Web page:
Today we are looking at chapter three in Nancy DeMoss Wolgemuth’s book Choosing Gratitude: Your Journey to Joy.
My heart broke as I read the true story Nancy uses to introduce the theme of this chapter. The story begins on September 7, 1860, a little over seven months before the beginning of the American Civil War, and focuses on the heroic actions of Edward Spencer, a young seminary student who risked his life to rescue the victims of the doomed steamship Lady Elgin.
The Lady Elgin was carrying more than 300 passengers and crew on a sightseeing tour from Milwaukee to Chicago when it was struck by the schooner Augusta. Most of those aboard the Lady Elgin perished wheny the ship broke apart in the waters of Lake Michigan. But seventeen people were saved that night by Edward Spencer, who battled the breakers for six hours. An experienced swimmer, he had a rope tied to his body, and swam through the waves to grab exhausted passengers.
In the process, this young seminary student received numerous injuries from floating wreckage which changed his life forever. Never able to fully recover from the physical toll on his body from his act of bravery, he had to give up his dream of being a pastor and spent much of his life confined to a wheelchair. Yet, the most important thing to Spencer, according to his brother, was not whether he should have risked his life and livelihood to rescue these seventeen people. His biggest concern was whether he had done his best for Jesus.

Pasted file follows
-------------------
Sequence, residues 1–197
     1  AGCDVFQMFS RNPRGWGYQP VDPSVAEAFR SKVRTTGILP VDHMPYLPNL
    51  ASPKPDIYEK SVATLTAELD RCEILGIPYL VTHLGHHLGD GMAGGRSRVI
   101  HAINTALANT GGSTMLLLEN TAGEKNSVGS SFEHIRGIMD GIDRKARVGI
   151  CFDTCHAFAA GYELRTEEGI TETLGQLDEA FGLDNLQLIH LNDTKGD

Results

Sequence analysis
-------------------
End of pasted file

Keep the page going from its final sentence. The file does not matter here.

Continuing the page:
Nancy gives a sad postscript to this heroic story. When later asked by a reporter what stood out to him the most about this life-changing experience, Edward Spencer replied, “Only this: of the seventeen people I saved, not one of them ever thanked me.” Those words brought tears to my eyes.
A similar story is told in Luke 17:11-19. I especially like the Message paraphrase of this story about ten lepers whose lives were transformed by Jesus.
“It happened that as he made his way toward Jerusalem, he crossed over the border between Samaria and Galilee. As he entered a village, ten men, all lepers, met him. They kept their distance but raised their voices, calling out, ‘Jesus, Master, have mercy on us!’
“Taking a good look at them, he said, ‘Go, show yourselves to the priests.’ They went, and while still on their way, became clean. One of them, when he realized that he was healed, turned around and came back, shouting his gratitude, glorifying God. He kneeled at Jesus’ feet, so grateful. He couldn’t thank him enough—and he was a Samaritan.
“Jesus said, ‘Were not ten healed? Where are the nine? Can none be found to come back and give glory to God except this outsider?’ Then he said to him, ‘Get up. On your way. Your faith has healed and saved you.'”